By Jeremy G. Schneider, MFT
There have been many studies that have examined the difference in parenting styles between mothers and fathers. The fact is mothers and fathers tend to have more similarities than differences when it comes to parenting their children. While that is important to note, it is also interesting to explore the differences between mothers and fathers to see how the combination of parenting styles really gives children an advantage.
Much of the research into parenting has been done with a baseline of what is normal or typical. Unfortunately, that baseline was developed from observing mothers for so many years. For quite some time, scientists evaluated fathers based on this baseline and then essentially graded fathers as wrong for doing it differently than mothers. But as we all try to teach our children every single day – different does not mean wrong. In fact, doing something differently can have some very positive benefits. This is why it is important to review the differences revealed in the research in parenting styles between mothers and fathers.
1. Type of Activity or how parents interact with their children
Differences: Mothers tend to interact in more caregiving situations, while fathers tend to play more – particularly physical interactions like rolling on the floor, athletic activities, etc.
Benefits: These physical interactions help better connect children to their own bodies, increase their coordination, prepare them for the possibility of involvement in sports, while providing physical contact with their Daddy.
2. Verbal Exchanges between parent and child
Differences: Mothers tend to be more repetitive and frequently ask questions and explain what things are to her child. Fathers verbalize less, are more focused on doing things together and their verbal interactions are more directive. Fathers also tend to be more demanding when it comes to language than mothers.
Benefits: Some researchers believe that having higher expectations better prepares children for settings outside the home and challenges them to work harder at articulating their wants and needs more effectively.
3. Patience with dependent behaviors
Difference: Fathers are less patient with children’s dependent behaviors (crying out for help with things they can already do, etc.)– especially with their sons.
Benefits: If done in a healthy manner, could significantly contribute to developing the child’s sense of independence and prepare them for separation from their parents.
4. Unconventional behaviors
Difference: Fathers tend to demonstrate more unconventional behaviors (such as teasing, joking around, more slapstick-type humor, etc.) than mothers. Fathers’ behavior with children is less predictable.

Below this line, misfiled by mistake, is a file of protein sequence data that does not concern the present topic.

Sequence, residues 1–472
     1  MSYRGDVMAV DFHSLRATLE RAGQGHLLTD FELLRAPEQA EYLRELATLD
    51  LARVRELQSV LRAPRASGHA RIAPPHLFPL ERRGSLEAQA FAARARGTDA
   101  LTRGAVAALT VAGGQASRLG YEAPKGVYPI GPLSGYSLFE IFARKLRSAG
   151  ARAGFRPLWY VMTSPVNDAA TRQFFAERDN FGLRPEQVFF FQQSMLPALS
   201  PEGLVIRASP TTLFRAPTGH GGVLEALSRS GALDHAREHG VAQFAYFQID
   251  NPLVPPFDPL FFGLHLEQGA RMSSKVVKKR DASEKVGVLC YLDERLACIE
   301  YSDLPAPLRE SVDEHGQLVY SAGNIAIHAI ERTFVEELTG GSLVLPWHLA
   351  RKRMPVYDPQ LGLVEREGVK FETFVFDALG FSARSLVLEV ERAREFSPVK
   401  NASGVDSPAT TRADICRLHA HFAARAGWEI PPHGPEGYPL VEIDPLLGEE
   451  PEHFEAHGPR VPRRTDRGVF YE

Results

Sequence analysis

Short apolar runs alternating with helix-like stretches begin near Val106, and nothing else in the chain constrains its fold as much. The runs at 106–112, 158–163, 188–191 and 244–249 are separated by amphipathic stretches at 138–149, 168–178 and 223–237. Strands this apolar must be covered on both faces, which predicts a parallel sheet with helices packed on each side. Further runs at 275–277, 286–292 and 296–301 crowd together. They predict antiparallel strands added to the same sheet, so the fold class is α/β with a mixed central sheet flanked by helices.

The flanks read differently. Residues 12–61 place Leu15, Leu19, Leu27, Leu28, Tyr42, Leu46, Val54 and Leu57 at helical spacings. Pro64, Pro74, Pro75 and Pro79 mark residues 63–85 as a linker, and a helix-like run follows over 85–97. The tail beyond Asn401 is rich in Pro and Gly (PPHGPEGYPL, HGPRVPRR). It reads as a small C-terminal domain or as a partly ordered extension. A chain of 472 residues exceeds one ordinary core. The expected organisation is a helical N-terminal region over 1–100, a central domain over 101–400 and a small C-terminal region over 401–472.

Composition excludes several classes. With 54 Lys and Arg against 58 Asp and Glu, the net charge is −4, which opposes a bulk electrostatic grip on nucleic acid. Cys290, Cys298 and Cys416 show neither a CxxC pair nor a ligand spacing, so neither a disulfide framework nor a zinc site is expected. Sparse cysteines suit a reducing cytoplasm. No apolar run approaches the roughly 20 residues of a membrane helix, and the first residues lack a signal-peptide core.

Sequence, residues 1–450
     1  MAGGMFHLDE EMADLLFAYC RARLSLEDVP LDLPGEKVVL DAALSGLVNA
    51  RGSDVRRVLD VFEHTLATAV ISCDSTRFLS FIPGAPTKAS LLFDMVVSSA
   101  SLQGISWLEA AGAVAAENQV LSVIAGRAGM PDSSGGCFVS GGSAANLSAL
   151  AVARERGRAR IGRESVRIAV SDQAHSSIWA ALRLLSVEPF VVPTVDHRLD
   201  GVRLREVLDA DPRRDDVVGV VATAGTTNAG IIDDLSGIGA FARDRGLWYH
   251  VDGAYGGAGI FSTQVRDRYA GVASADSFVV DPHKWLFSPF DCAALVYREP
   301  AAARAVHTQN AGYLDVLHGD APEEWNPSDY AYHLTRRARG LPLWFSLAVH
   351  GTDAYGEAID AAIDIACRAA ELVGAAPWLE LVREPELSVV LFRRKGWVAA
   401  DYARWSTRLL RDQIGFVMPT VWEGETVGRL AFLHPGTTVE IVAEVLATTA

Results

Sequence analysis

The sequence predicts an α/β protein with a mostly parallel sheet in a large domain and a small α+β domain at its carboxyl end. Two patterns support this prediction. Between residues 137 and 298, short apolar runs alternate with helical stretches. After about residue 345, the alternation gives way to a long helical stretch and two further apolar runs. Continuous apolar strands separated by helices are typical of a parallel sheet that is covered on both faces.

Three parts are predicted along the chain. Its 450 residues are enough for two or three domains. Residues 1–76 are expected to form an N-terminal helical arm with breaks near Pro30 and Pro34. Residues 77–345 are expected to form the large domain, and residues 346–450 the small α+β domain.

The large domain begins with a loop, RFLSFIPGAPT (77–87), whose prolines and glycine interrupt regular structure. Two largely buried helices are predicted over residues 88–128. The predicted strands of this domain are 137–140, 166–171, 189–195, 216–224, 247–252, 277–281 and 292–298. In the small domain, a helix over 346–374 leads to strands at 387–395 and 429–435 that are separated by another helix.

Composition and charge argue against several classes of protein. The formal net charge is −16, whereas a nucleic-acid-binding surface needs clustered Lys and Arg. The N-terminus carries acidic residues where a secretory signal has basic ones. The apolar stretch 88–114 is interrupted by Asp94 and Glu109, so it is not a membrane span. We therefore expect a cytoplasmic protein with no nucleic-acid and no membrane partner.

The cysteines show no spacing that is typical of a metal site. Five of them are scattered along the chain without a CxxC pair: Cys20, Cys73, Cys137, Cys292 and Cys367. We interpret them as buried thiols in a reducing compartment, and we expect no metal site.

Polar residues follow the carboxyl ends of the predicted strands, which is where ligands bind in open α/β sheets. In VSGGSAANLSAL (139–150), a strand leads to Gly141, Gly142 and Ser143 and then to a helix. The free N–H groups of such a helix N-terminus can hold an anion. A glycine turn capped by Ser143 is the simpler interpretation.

Benefits: This has the advantage of mixing things up for the child, better preparing them once again for the outside world where things are not as predictable as they can be at home.
Individually each of these differences seems to bring out different qualities in their children, but probably the most important benefit of these differences is visible when viewed in total. There is an enormous amount of research showing the value of fathers and their contribution to their children’s social competence, sense of well-being, academic performance and much more. It is very possible that one of the reasons involved fathers make such a tremendous contribution is that a child who has positive experiences with two parents learns two ways of interacting with the world instead of just one. A child with two involved parents learns there are at least two ways to handle situations and also ends up with a set of tools in their toolbox for dealing with the world instead of just one.
This is also why it is valuable for parents to try to shift their parenting style, for mothers to incorporate some of the typical paternal style and for fathers to adopt more of the typical maternal style. This will give your children not only an array of ways to deal with the world and all of its challenges, but will also show them that their reactions need not be based on their gender, but more on what actually works best in each situation.
Of course, children who have more tools at their disposal are better at social situations. Of course, children who have been interacted with in different ways by their parents are then able to interact in different ways with other people. Of course, children who have been intellectually stimulated by different parents in different ways, are better able to handle intellectual challenges than children who didn’t have that experience.
Of course an involved father makes a difference. But it is the combination of involved mothers and fathers and their unique styles that make the biggest difference for children and their future health and happiness.